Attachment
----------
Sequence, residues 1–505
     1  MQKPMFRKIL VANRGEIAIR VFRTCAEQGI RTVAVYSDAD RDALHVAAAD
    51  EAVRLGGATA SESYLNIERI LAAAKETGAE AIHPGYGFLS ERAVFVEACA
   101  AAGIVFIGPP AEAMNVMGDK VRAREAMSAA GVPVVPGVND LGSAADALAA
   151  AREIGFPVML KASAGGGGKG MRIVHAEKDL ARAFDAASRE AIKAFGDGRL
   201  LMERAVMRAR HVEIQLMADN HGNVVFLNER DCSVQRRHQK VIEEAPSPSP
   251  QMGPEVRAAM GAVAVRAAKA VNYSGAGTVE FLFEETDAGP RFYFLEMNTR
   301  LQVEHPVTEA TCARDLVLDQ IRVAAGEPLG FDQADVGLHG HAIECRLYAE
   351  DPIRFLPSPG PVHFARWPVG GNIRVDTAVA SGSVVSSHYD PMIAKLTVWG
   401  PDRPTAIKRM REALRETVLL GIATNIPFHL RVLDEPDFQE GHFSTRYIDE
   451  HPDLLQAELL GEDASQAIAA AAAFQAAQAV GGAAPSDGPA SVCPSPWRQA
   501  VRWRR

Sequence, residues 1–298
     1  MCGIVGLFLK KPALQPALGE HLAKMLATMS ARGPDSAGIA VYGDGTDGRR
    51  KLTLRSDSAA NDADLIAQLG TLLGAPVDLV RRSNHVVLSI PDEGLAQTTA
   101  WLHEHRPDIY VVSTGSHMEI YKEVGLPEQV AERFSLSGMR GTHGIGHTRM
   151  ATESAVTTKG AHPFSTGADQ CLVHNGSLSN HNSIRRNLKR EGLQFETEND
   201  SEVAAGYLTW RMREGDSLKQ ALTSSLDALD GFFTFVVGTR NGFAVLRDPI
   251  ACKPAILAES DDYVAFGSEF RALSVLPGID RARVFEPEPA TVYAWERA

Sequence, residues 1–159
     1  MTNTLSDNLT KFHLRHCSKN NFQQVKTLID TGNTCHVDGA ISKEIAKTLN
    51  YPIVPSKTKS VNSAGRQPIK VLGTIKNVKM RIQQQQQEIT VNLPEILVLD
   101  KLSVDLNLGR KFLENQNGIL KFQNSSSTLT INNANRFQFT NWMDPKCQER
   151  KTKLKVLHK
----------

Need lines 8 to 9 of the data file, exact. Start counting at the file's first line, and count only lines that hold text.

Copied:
   301  LQVEHPVTEA TCARDLVLDQ IRVAAGEPLG FDQADVGLHG HAIECRLYAE
   351  DPIRFLPSPG PVHFARWPVG GNIRVDTAVA SGSVVSSHYD PMIAKLTVWG